Some of the richest people on earth landed a blow against some of the poorest, in ostensibly deep blue Los Angeles last week, as Mayor Eric Garcetti signed legislation almost unanimously approved by the City Council criminalizing homeless encampments in many places throughout the city. It’s the latest move in a vicious top-down class war in Southern California that’s increasingly targeted the already sizable and growing unhoused community living there.
Some 66,000 people are estimated to be living without housing in Los Angeles, a truth inseparable from the trappings of unimaginable wealth just beyond the tent cities dotting the metropolis. Since the late 1970s, many factors have converged to drive homelessness that largely reflect the rise of the neoliberal order, including disinvestment from public housing and the demise of single room occupancy units in favor of more lucrative offerings, the shuttering of public residential hospitals with no alternative plan for the community they served, and social chaos associated with drugs and mass incarceration.
But for the past few decades, housing costs have driven the crisis, of the National Alliance to End Homelessness: “There were people with mental illness, lots of people with substance abuse disorders, lots of poor people, all the same issues, but there was not widespread homelessness.… What changed was the housing.”
The skyrocketing cost of shelter was a function of the shift in power away from labor toward capital during the same era, as changes in the financial sector and local politics that favored real estate development and predatory lending translated into veritable explosions in wealth as the gap between the rich and poor in America began to widen. Those on the winning end in Los Angeles have seen their net worth rise stratospherically, rewarding property owners at the expense of renters and unhoused people in need of social services: The passage of Prop 13 in 1978 from the time of purchase and depletes state coffers of billions per year; laws passed in the 1990s make rent control illegal.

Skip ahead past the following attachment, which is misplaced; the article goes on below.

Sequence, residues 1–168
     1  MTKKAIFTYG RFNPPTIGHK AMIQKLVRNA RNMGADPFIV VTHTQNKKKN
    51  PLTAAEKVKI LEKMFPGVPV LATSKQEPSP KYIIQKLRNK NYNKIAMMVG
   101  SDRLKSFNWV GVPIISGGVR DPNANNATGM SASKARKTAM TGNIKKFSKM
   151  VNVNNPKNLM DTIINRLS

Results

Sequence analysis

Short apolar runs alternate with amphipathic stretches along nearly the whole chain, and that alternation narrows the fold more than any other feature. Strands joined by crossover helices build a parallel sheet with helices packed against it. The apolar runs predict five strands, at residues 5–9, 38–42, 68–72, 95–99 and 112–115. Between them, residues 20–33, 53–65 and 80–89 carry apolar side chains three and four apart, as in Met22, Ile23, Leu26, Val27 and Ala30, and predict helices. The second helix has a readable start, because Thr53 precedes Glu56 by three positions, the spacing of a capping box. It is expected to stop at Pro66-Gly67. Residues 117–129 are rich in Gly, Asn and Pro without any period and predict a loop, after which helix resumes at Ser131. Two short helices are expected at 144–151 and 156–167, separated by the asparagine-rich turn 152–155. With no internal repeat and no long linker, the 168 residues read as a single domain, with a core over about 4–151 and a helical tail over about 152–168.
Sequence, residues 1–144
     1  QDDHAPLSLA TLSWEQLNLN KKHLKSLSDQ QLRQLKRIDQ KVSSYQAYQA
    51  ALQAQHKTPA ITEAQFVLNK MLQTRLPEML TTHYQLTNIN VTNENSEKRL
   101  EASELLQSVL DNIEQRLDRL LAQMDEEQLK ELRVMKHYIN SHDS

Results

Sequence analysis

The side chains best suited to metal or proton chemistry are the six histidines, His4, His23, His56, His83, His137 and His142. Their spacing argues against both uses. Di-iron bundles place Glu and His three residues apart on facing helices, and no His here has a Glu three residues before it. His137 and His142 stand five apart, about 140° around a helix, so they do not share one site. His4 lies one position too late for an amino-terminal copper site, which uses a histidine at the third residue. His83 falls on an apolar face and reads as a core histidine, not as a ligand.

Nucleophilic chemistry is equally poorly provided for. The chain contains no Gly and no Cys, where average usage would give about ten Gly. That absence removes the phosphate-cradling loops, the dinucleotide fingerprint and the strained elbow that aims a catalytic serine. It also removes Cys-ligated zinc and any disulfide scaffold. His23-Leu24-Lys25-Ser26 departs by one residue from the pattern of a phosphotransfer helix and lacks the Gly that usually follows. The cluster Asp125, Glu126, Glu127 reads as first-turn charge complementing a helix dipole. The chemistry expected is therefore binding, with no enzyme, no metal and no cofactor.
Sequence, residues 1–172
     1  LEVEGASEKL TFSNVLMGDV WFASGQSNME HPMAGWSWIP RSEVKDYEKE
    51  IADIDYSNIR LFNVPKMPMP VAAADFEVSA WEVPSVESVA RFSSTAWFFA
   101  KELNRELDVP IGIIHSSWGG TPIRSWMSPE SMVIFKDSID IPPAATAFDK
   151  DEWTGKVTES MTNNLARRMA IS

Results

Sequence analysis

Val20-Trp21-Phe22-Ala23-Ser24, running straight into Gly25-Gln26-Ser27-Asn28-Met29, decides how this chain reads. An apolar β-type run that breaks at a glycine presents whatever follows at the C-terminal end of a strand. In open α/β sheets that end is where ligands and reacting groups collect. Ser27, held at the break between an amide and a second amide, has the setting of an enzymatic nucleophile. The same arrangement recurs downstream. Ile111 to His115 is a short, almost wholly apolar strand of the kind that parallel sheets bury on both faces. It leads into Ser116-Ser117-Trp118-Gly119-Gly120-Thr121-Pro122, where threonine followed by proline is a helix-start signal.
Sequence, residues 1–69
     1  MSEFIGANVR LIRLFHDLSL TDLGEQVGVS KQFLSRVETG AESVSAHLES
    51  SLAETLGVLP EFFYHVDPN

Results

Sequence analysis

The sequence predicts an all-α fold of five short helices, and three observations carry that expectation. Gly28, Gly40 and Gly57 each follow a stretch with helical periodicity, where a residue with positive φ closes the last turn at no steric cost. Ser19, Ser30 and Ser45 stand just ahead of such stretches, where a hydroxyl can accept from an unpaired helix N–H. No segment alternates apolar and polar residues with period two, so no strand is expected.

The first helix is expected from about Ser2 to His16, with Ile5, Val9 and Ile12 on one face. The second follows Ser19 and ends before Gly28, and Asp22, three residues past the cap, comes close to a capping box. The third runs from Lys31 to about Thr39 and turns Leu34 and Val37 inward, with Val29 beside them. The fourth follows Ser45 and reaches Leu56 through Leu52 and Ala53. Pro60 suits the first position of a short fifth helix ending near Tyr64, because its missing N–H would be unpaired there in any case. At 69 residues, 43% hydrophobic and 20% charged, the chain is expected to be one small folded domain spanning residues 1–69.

As some people got filthy rich, others got regular rich: Twenty-five-year home prices in Venice have risen from $300,000 to $2 million. Rent has increased by 65 percent in only 10 years, and the city’s housing voucher program has been closed for the same amount of time. This leaves the poorest and most vulnerable people with little choice but to sleep in cars or tents.
While cities like New York have laws mandating shelter space for the homeless, Los Angeles does not. Moreover, the shelters that are available often enforce such draconian rules—requiring residents to get rid of their possessions before entering or to live separately from pets or partners, for example—that they wouldn’t be a feasible option for most.
And for those who do have the option of shelter, the solution is a fleeting one: Only 15 percent of residents ever transition into permanent housing, with the majority quickly cycling back to the streets—a reality that puts widespread reluctance to upend one’s life to move into a temporary shelter in the first place into context. While city voters overwhelmingly passed measures in 2016–17 to establish and fund permanent housing for homeless people, by well-funded lawsuits and broad political resistance from wealthier locals. To date, have materialized.